January 31, 2009

Super Bowl 43: Faith on Display in NFL

Kurt Warner
Kurt Warner (Photo credit: Wikipedia)
I am not a sports nut by any means, but I do watch quite a bit of American football and consider myself a fan of the sport. I have always been fascinated by the common practice of football teams praying for victory, mostly because it means that they are asking their god for the defeat of another team who is simultaneously asking the same god for victory. Thus, I was happy that a reader sent me a timely story from The Kansas City Star addressing the role of Christian faith in the NFL. I have previously commented on the absurdity of sports teams praying for victory over their opponents, and it is good to have an excuse to revisit the subject.

In the article, Arizona Cardinals quarterback, Curt Warner, is described as "the NFL's most outspoken Christian." I haven't followed Warner's career or even the NFL in general enough to be able to evaluate such a statement. However, Warner comes across sounding like enough of a moron in the article that I'll go along with the claim.

Unfortunately, Warner is hardly alone in needing to share his religious delusion with others.

As players increasingly use the field and priceless TV time as platforms to extol their faith, fans either roll their eyes or feel inspired to jump behind teams they’d otherwise ignore.
You can count me among the eye rollers. I tend to watch more college football than professional, and the announcers constant fawning over Tim Tebow's Christian faith was a frequent source of annoyance, sufficient to get me to turn off the BCS championship before it was over.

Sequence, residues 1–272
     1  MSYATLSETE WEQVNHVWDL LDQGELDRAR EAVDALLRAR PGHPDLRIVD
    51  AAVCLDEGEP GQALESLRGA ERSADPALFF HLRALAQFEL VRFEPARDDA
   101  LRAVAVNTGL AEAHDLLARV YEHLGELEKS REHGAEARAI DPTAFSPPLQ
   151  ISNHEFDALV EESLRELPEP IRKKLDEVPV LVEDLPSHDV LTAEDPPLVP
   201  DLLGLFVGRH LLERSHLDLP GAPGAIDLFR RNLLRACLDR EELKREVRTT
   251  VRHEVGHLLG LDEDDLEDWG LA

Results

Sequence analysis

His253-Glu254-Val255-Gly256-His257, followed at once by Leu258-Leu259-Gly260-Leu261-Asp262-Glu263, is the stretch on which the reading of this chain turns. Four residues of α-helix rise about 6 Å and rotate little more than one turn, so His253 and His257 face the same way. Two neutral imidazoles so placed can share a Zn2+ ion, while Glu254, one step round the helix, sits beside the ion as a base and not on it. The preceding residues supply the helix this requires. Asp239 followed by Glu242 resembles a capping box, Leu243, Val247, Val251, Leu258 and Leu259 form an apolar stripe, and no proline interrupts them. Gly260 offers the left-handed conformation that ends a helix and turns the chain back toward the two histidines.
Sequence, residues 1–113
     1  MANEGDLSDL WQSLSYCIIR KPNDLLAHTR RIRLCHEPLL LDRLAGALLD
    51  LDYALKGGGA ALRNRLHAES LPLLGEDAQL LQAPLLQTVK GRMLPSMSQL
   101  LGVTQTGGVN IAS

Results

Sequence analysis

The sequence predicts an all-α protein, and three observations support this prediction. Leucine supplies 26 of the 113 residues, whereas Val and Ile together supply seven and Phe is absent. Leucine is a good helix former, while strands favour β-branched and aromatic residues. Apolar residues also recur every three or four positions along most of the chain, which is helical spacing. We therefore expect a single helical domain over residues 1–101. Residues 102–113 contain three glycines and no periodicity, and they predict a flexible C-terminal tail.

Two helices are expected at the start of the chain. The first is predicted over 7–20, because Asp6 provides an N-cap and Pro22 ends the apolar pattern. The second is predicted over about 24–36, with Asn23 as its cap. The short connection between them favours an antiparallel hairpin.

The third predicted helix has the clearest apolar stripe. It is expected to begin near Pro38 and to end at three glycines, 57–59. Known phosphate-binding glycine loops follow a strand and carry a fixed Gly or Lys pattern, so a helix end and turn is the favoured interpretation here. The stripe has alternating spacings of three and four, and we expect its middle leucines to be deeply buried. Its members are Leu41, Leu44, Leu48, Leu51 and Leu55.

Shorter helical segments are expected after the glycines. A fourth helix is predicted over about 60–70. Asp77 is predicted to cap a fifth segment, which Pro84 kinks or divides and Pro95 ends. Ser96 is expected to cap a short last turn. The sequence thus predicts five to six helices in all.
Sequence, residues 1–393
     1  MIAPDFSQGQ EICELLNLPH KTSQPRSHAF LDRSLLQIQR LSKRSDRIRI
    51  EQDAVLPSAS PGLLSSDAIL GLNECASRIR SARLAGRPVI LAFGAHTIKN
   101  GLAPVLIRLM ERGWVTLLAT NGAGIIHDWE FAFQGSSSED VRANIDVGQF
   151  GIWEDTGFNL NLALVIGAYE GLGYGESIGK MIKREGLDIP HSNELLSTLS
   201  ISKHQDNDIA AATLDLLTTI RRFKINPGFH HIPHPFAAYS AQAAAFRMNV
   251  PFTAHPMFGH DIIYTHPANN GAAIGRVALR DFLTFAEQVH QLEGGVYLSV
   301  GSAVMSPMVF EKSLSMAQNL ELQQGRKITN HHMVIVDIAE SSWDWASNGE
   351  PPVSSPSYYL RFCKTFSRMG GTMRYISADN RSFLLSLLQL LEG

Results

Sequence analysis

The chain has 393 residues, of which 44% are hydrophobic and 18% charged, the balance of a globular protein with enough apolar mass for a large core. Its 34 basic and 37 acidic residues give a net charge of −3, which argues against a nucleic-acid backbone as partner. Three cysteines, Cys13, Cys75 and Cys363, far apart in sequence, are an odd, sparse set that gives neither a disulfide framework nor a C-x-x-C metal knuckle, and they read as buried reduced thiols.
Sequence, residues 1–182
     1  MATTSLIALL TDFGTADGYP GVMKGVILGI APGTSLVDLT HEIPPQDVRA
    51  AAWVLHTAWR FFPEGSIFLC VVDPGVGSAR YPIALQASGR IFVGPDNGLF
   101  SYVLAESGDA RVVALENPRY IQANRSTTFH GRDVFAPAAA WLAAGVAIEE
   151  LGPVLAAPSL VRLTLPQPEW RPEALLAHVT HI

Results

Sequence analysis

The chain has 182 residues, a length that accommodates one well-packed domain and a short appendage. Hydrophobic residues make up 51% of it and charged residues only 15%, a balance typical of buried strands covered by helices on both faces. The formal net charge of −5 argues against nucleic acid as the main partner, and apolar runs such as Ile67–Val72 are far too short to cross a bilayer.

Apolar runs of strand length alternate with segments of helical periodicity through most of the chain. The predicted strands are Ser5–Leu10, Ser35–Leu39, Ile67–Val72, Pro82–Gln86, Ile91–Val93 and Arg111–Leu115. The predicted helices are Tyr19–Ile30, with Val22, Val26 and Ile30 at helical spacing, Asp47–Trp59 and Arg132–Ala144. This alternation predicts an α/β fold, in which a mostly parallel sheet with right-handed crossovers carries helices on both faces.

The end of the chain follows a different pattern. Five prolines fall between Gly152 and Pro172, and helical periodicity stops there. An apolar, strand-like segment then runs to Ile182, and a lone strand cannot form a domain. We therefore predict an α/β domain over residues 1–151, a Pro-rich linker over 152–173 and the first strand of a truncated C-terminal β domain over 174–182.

What's even worse is that one cannot simply hope the Steelers beat the Cardinals because Steeler quarterback Ben Roethlisberger sounds like another Jesus freak. Whichever team wins the game, zombie Jesus wins.

Both teams will grovel before zombie Jesus, begging for a win (and the loss of the other team). The wining team will give thanks to zombie Jesus for assisting them. The loser will blame themselves and bitterly resent any suggestion that zombie Jesus let them down. After all, "god works in mysterious ways" and "it is all part of god's plan."

Meanwhile, millions of Americans will not find anything troubling about this whatsoever. And that really is the kicker, isn't it?

So what is anyone who is disgusted with all the public displays of faith to do? I suppose we can always turn off the TV. Of course, then we would miss the inevitable Super Bowl miracle.

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